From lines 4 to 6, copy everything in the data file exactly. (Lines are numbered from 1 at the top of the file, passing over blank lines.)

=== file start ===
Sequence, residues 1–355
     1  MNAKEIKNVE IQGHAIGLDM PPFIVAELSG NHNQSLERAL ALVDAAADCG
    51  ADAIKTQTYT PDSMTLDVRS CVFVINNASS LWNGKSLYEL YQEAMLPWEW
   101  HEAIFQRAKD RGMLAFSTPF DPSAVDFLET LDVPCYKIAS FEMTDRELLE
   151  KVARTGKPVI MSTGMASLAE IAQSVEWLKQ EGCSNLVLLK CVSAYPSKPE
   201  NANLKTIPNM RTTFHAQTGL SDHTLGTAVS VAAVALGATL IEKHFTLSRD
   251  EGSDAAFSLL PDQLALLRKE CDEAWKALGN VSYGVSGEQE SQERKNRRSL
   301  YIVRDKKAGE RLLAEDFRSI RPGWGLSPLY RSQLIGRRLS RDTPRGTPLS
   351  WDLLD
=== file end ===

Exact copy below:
   101  HEAIFQRAKD RGMLAFSTPF DPSAVDFLET LDVPCYKIAS FEMTDRELLE
   151  KVARTGKPVI MSTGMASLAE IAQSVEWLKQ EGCSNLVLLK CVSAYPSKPE
   201  NANLKTIPNM RTTFHAQTGL SDHTLGTAVS VAAVALGATL IEKHFTLSRD